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Shockwave Medical reports results from first study of Lithoplasty system in calcified coronary lesions

Shockwave Medical has reported positive safety, performance and intravascular imaging data from the DISRUPT CAD study at the annual Transcatheter Cardiovascular Therapeutics (TCT) conference taking place at the Washington Convention Center in Washington,D.C.

DISRUPT CAD, a pre-market, prospective multi-center single arm study conducted at seven centers in Europe and Australia, evaluated the use of the Shockwave Medical Coronary Lithoplasty System as a treatment for calcified coronary arteries prior to drug-eluting stent (DES) implantation.

The principal investigators of the study were Jean Fajadet, M.D., co-director of the Interventional Cardiovascular Group at Clinique Pasteur in Toulouse, France, and Carlo Di Mario, M.D., professor of Clinical Cardiology, Royal Brompton Hospital, London.

The study enrolled 60 patients with complex calcified obstructive coronary artery disease, including 80% of patients who were classified as having severe calcification.

Acute performance results showed high device success (98%) and excellent angiographic outcomes, in particular a large acute gain in vessel diameter (1.7 mm) and low residual percent stenosis (13%) post procedure. Safety results demonstrate minimal vascular injury, with no incidence of perforation, abrupt closure or slow/no-reflow events.

The rate of major adverse cardiac events (MACE) at 30 days was low (5%), with all events being non-Q wave myocardial infarction.

Intravascular imaging was performed using optical coherence technology (OCT) on 31 of 60 patients and demonstrated that calcium was fractured completely through all calcified layers of the artery and around the circumference of the artery. The resulting gain in luminal area after treatment was significant and was achieved independent of the degree of calcification.

“The resistance to balloon expansion is fundamentally reduced after the disruption of both superficial and deep calcium with the Lithoplasty System, which enables successful DES implantation with uniform expansion and minimal complications,” said Todd Brinton M.D., clinical associate professor of Medicine at Stanford University and co-founder of Shockwave Medical, who presented the data today.

“The OCT results demonstrate that Lithoplasty is modifying arterial calcium in a unique way not seen before. The data demonstrate an ability to dilate calcified lesions safely, independent of the degree of calcium, which is unprecedented and highly encouraging for this difficult-to-treat patient cohort who often experience suboptimal results.”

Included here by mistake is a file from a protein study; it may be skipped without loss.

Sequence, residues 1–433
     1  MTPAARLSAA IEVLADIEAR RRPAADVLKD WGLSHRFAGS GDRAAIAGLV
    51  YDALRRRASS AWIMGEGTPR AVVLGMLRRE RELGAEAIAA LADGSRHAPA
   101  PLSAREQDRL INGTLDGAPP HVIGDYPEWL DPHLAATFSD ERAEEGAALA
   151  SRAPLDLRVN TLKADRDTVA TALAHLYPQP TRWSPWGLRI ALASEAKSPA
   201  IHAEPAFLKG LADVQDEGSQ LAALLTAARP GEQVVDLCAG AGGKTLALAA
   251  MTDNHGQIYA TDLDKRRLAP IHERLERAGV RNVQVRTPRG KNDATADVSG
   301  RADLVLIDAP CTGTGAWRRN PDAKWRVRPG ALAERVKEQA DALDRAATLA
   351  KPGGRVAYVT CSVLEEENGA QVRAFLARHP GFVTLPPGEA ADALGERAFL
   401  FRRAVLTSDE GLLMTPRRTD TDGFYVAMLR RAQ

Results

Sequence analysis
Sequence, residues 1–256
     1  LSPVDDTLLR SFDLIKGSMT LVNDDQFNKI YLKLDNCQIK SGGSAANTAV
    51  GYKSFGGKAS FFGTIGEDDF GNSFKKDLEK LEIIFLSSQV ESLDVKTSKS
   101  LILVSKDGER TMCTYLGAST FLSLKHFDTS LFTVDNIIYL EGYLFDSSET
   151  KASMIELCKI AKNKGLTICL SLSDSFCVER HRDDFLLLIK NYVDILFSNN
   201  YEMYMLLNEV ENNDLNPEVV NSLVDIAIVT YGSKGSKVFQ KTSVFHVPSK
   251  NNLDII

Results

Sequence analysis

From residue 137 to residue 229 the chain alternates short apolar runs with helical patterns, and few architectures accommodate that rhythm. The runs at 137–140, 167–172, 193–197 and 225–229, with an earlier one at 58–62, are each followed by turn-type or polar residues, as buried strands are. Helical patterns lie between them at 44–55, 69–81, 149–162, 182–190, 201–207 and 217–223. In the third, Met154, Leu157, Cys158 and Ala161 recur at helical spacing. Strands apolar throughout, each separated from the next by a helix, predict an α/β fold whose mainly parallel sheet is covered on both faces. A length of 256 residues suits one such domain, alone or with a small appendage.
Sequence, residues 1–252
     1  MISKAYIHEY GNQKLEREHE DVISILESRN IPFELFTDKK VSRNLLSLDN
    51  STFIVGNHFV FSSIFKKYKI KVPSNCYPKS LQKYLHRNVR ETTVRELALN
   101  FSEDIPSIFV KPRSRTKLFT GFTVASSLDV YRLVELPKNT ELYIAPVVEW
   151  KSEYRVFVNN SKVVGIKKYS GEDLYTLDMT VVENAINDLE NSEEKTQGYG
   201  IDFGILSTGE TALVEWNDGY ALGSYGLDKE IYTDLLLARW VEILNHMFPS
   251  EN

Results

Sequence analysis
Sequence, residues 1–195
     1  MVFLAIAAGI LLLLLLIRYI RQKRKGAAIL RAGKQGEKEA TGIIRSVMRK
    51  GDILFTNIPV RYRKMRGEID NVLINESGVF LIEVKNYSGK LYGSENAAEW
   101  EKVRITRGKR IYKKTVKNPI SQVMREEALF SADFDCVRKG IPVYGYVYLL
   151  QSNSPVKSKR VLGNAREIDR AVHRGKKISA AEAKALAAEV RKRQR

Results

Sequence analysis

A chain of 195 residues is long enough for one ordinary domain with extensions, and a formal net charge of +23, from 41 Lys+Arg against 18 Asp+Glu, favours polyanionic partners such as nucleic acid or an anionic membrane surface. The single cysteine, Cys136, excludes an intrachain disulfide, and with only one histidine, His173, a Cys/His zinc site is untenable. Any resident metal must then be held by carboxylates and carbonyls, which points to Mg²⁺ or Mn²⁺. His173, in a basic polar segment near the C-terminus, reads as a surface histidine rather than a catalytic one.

Shockwave Medical developed the Lithoplasty System to address unmet needs in the treatment of calcified arteries. The presence of calcified coronary artery disease leads to suboptimal outcomes for all treatment options – medical therapy, interventional treatment and cardiac surgery.1 For angioplasty with a stent, the presence of calcified lesions is associated with suboptimal lesion expansion, poor stent apposition and complications, including dissection, distal embolization, coronary hypoperfusion and procedural failure.2

Current adjunctive devices designed to modify coronary calcium are either balloon- or atherectomy-based, but their routine use is limited due to risk of complications, degree of technical difficulty, operator dependency or lack of sufficient evidence.1,3

“These early results of Lithoplasty in the coronary arteries are highly encouraging, particularly considering the severity of calcification of the patients enrolled in the trial,” said Dr. Fajadet.

“Calcification in cardiovascular arteries creates numerous treatment challenges. These data demonstrate an effective preparation of the vessel for stent implantation with minimal complications. In addition, because the device is a balloon, the technical challenges associated with treating these complex patients are significantly reduced.”

The Shockwave Medical Lithoplasty System is the first-ever device designed to selectively target hardened calcium in patients with cardiovascular disease. The system integrates the calcium-disrupting power of lithotripsy with the familiarity and simplicity of a balloon angioplasty.

 Built on a deliverable balloon catheter platform, the device emits intermittent sound waves (lithotripsy) that target and disrupt calcified plaques that then require only a low-pressure balloon inflation to dilate the blockage and restore blood flow. The result is an effective and consistent revascularization of calcified lesions while minimizing complications.